To take the bread out of the context of the cosmic liturgy of which it is the epitome and consummation is just the same as to remove the Eucharist from the ecclesial liturgy of which it is the epitome and consummation. Removed from that context it ceases to be the bread of which Christ said, “This is My Body”; the symbolic correspondences which allow Him to say this are no longer operative. Bread made with heat mechanically sown in earth poisoned with chemical fertilizers and subsequently sprayed with other chemical poisons, harvested, threshed, milled, and baked in ways that are equally mechanical, which demand no human involvement in the most intimate physical sense, and which deprive it of many of its essential ingredients and substitute additives in the process, is not the bread of which Christ said, “This is My Body”; it is a desecrated, emasculated parody of the bread that Christ identified as His body. And if it is produced in an analogous manner the same applies to the wine that Christ identified as His blood: the umbilical cord that allowed Him to say this has been cut through. In fact it is not going too far to say that the awareness of the crucial interrelationship and interdependence of cosmic and ecclesial liturgy is today virtually expunged from the consciousness of priesthood and laity alike. Where this is the case, and where that interrelationship and interdependence are in fact destroyed, can the ecclesial liturgy still claim to be the liturgy within which the Eucharist is consummated?
We have also mentioned one other condition that must be fulfilled if the liturgy is to provide a valid context for the sacrament of the Eucharist, and that is the cooperation of the assembly of the faithful. There are many forms that this cooperation has to take; here we will note one of them, perhaps the most important, that known as the Eucharistic epiklesis or invocatory prayer. God consummates the Eucharist through the liturgy for the partaking of the faithful. But He also consummates it through the assembly of the faithful, in the sense that without the participation of the assembly, manifest in the prayerful invocation (epiklesis) of the faithful, the consecration of the holy gifts of bread and wine cannot be realized. This is to say that the assembly cannot simply be a passive element in the process of consecration, its actual realization depending on the mere juxtaposition of the words and gestures of the priest.
The Eucharist is a full personal encounter between God and the human being who partakes in it, and such an encounter by its very nature must be mutual. It involves not only God’s intervention but also the faith, active in prayer and invocation, of the participating assembly: each participating individual in the assembly should personally share in the realization of the real presence of God in the Eucharist. It is through the whole praying assembly, not merely through the ordained minister, that God acts here and now. It is through the whole assembly of the faithful that God realizes the Eucharist. And the assembly plays its essential part in the “Spiritizing” of the bread and wine through its invocatory prayer.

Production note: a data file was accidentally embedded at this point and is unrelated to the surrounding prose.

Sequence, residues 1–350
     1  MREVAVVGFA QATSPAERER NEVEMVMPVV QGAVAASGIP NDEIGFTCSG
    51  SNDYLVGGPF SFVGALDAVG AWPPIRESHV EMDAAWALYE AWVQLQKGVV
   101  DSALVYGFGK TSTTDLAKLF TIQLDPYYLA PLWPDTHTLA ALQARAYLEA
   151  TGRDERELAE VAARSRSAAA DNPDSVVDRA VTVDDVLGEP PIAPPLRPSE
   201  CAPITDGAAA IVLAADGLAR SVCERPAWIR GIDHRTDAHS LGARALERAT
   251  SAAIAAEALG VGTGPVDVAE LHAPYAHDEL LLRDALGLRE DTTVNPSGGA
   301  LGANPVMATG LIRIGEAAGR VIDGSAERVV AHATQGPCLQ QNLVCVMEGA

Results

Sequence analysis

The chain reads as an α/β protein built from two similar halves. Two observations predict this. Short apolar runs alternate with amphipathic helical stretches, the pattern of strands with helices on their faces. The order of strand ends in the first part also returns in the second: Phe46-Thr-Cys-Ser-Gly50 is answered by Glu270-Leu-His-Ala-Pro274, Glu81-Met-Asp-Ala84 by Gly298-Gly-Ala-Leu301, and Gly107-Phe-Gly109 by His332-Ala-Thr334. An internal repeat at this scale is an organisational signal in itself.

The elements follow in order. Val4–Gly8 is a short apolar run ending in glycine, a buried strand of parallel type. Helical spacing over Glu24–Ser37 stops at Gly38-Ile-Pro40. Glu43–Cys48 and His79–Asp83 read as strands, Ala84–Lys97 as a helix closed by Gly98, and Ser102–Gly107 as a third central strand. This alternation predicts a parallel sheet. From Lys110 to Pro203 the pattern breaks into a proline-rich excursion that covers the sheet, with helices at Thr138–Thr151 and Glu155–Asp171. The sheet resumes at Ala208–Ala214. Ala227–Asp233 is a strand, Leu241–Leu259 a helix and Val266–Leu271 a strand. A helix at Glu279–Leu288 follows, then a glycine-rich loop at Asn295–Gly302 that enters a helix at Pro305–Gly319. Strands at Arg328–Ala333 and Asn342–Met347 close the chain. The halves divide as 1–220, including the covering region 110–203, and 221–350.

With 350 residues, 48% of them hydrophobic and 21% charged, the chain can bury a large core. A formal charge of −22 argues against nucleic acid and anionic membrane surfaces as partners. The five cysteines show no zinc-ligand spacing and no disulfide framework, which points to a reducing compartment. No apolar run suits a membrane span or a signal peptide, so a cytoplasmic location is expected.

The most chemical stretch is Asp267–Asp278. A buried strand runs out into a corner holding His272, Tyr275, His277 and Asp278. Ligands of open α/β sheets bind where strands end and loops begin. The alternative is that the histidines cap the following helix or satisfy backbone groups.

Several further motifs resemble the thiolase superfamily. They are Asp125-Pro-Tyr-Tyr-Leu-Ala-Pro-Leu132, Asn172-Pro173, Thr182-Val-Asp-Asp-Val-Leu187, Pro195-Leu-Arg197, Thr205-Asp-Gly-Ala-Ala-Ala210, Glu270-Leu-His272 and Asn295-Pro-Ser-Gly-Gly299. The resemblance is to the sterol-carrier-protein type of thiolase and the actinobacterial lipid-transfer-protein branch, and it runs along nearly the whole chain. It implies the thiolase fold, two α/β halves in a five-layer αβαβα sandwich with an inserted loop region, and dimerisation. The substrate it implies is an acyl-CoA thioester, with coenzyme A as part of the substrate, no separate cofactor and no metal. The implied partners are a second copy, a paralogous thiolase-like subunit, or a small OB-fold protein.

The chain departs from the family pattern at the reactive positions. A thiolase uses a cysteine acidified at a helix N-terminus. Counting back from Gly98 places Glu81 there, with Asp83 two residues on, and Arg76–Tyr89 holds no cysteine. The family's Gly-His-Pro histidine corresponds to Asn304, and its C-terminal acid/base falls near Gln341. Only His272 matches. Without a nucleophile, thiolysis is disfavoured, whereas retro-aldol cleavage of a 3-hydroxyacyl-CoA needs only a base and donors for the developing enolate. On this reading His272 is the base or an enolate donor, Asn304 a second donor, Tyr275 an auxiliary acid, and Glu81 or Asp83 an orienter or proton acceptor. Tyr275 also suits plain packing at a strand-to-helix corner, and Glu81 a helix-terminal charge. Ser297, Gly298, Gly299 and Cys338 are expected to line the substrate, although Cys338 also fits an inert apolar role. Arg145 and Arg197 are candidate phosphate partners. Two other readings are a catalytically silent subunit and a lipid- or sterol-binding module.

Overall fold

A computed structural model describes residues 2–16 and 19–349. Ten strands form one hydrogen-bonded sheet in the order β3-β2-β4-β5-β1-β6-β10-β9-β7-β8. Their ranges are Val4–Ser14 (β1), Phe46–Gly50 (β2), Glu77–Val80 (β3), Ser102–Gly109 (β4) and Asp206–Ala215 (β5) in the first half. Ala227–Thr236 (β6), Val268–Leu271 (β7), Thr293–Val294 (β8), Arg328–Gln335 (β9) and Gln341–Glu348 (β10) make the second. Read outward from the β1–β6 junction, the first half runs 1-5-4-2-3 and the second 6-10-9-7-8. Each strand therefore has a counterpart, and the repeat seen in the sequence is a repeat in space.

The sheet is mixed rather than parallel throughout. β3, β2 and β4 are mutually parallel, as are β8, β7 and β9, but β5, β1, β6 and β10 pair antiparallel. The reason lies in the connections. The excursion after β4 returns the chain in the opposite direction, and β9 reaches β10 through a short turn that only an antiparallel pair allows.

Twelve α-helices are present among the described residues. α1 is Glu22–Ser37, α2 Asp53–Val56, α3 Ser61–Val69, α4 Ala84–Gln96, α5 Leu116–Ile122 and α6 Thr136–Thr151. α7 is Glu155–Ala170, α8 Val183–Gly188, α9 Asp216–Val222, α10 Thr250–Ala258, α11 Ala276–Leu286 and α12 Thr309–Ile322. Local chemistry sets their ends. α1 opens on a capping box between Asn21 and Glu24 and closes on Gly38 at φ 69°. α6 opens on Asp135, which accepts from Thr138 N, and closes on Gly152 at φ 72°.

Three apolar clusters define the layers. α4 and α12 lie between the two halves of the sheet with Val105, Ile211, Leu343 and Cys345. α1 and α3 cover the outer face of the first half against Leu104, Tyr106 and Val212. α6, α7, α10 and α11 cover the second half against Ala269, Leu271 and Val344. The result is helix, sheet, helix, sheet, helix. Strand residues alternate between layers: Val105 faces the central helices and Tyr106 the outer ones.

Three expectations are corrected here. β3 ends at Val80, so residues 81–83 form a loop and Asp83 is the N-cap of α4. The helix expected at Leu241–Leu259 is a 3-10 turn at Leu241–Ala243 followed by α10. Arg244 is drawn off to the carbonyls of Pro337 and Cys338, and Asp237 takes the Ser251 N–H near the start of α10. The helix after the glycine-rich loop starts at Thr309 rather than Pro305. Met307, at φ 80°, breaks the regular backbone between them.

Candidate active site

These, then, are some of the conditions that have to be fulfilled before it can be said that this most central of the liturgical and sacramental forms of the Church is still valid in the sense that it still vehicles God’s mercy and grace. We may believe that they were fulfilled in the liturgies in which the desert fathers participated. But can we say that they are fulfilled today? For the question arises: given the manner in which the liturgy is so often enacted in the modern world, and given the ways in which its enactment is so often violated—and we have indicated some of them—and given, finally, the role which the assembly should play in this enactment, to what extent can it be said that it continues to fulfill its function? To what extent can it be said that it is still intact and free from the contaminations infecting the secular forms which dominate our society? Or, to put this in another way, to what degree can we say that where the liturgical and sacramental form is violated in any of the ways mentioned—or in other ways not mentioned—we can participate in it without involving ourselves in the corruption and desecration that typify the secular forms of society? Or does God bear all our sin, whatever it is, and forgive us, even though we know what we do? And can we presume on that? And since we should give thanks for all things, should we give thanks for the state of dereliction to which we have brought ourselves?
Whatever the answer to these questions, and to others like them posed in the first part of this paper, the Church’s “witness” to the issues that lie behind them, whether with respect to the forms that dominate our present-day society or with respect to its own liturgical and sacramental forms, can only be described as lamentable.